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Cooling The Cache !
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Date: Dec 14, 2001
Section:Misc
Author: HH Editor
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Cooling The Cache ! - Page 1
 

Cooling The Cache !

Decapsulating the P2 and delivering a cool breeze over your cache!

 
I got a little bored Saturday night and decided to "pull a Kyle" on my Pentium 2-333. This was a serious leap of faith in that this processor already does 500+ Mhz. very stable on most BX motherboards. I really didn't have a lot of motive to try to cool my CPU anymore because of this. However, like I said, I was in between hardware reviews and I was bored! Idle hands make the devil's work... At least that's what my Mother always says! :-)

One of the most prominent issues with stability of an overclocked P2 is actually the performance of the on board cache, which most often times can't keep up with the higher end CPU cores. This chip actually has Toshiba 225 Mhz. Synchronous SRAM Cache on the P2 module which is faster than most P2s of the '98 vintage. These parts are set up to run pretty fast and as a result need to be cooled as well! Intel's design doesn't really provide decent thermal conditions for the on board cache of the P2. How do I know all this? I took the P2 Slot 1 Cartridge apart of course! This isn't an easy task! Don't even THINK of trying this yourself unless you know exactly what you are doing. Unless of course you don't mind a nice expensive P2 Coaster for your beverage after your attempt! Check this
link at The Heat sink Guide for a quick "how to".

So here is what a P2 looks like after case removal...

OK from left to right you're looking at a P2 with the case removed and the backing plate still attached. I have it sitting in a couple of Slot 1 Motherboard Guides just to keep it upright. The metal and plastic tabs at the bottom are not part of the processor. On the left, you can see pretty clearly where the P2 makes contact with the Heat Transfer Plate. Only the Processor Chip in the middle contacts the plate. If you look closely at this picture you can see the SRAM chips on either side of the CPU. They are obviously not making contact and therefore heat is not transferring from them to the plate. My buddy Kyle at "Da Hard OCP" decided he would bridge the gap with a nickel. This should work pretty well in conducting heat to the plate. However, in order to do this, you need to remove the plate and sandwich the nickels in between the SRAMs and the plate with thermal grease, to do it right. To remove the plate you need to remove the clips you see in the next image. These actually hold together the Module Board and Heat Transfer Plate. They are EXTREMELY difficult (although I have done it before) to get off, so I decided to do something different but effectlive.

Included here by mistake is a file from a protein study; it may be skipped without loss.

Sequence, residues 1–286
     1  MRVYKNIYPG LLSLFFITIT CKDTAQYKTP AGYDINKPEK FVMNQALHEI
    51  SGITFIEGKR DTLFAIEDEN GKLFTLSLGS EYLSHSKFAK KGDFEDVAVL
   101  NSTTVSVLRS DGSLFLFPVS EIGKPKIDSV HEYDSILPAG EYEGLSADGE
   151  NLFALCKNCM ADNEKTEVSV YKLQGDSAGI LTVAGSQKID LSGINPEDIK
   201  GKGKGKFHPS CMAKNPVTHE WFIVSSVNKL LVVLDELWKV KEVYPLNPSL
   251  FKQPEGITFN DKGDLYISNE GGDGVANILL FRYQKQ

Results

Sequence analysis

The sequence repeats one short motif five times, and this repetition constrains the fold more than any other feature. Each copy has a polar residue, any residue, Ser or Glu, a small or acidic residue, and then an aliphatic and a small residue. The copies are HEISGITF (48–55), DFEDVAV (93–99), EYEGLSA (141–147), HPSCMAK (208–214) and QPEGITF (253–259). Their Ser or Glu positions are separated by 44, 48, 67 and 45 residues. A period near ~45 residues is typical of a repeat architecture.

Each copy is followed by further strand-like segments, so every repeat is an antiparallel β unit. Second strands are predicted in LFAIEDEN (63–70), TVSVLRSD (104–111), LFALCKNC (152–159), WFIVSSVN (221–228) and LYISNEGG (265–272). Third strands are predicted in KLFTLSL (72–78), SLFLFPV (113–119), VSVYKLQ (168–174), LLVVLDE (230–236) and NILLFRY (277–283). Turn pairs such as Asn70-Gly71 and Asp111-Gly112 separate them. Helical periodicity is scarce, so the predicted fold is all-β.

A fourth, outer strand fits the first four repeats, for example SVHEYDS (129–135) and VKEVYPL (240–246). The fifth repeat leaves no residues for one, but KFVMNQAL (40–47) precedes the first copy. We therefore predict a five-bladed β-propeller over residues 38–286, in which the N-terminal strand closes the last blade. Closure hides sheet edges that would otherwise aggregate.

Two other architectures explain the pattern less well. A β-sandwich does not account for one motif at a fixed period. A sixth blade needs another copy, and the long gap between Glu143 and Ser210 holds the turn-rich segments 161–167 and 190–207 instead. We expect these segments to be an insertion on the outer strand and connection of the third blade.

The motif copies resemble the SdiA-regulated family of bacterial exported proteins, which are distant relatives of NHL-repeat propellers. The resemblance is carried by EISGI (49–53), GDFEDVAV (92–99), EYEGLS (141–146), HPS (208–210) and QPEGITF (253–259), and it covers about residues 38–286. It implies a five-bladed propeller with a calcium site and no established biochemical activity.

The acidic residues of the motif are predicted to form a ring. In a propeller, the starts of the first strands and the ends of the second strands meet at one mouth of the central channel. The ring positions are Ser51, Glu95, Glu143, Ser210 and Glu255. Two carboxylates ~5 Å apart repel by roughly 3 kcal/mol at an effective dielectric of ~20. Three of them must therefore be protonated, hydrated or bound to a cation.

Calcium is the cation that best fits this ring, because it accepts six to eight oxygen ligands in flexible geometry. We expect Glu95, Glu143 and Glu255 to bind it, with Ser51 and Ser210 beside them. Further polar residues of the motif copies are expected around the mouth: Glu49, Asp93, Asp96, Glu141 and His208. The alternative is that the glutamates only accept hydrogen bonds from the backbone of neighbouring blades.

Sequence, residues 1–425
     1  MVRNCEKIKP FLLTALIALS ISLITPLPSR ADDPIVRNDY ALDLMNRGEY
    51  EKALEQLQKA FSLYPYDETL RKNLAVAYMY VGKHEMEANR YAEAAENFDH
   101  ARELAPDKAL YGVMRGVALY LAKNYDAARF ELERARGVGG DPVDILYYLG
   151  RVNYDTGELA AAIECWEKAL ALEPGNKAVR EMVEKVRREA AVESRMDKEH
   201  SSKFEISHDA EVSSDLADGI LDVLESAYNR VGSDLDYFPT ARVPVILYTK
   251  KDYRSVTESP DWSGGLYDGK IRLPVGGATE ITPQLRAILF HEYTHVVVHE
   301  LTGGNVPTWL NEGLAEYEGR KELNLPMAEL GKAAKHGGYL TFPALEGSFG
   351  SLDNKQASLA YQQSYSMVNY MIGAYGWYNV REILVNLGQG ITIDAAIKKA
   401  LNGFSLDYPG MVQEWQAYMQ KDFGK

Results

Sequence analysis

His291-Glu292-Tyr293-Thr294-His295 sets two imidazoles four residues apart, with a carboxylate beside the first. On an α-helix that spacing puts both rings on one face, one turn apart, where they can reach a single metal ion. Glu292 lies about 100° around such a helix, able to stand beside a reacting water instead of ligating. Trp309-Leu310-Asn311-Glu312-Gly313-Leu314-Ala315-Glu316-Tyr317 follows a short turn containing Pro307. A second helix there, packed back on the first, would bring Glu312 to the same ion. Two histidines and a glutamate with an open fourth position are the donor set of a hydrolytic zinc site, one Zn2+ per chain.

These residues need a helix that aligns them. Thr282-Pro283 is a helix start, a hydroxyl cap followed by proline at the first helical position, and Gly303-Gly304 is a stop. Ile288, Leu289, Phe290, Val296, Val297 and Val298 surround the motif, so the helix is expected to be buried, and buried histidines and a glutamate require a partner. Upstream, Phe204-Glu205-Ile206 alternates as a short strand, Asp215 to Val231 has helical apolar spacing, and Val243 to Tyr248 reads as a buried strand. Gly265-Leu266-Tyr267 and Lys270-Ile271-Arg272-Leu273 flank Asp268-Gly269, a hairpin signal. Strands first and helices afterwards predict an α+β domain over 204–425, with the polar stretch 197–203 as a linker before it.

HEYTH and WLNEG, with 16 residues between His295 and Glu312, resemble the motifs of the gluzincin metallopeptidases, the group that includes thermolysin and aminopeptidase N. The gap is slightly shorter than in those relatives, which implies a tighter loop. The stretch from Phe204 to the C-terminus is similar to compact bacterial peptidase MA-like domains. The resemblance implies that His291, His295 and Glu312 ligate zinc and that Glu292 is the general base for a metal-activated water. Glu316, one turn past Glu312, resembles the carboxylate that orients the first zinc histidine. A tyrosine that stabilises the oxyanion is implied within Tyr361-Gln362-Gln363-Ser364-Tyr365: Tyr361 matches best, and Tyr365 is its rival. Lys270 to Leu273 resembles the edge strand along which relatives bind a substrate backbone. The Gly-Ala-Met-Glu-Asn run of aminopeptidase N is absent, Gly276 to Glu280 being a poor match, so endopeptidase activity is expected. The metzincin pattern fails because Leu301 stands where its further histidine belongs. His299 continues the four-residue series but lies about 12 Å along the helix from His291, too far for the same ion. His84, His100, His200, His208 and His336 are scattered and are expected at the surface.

Below are pictures of the de-capsulated processor with Heat sink and Fans attached.

I know it is hard to see because the rig is almost totally covered in fans! What you are seeing is another set of Dual 5000 RPM Fans blowing air down through the plate and CPU Module Board! This delivers a sweet, cool breeze to the SRAM chips as well as the standard plate cooling effect of the main Heatsink and Fan combo! It also does blow air over the CPU chip.
 
Doing this allowed me to get 525 Mhz. out of this great hand picked CPU for hours on end without a single lock up! Again, if you try this method yourself, you are on your own! I am not responsible for any damage you may cause to your system or processor! It works really well if you are the daring type!
 
Keep on clockin'!
-Davo
 
 


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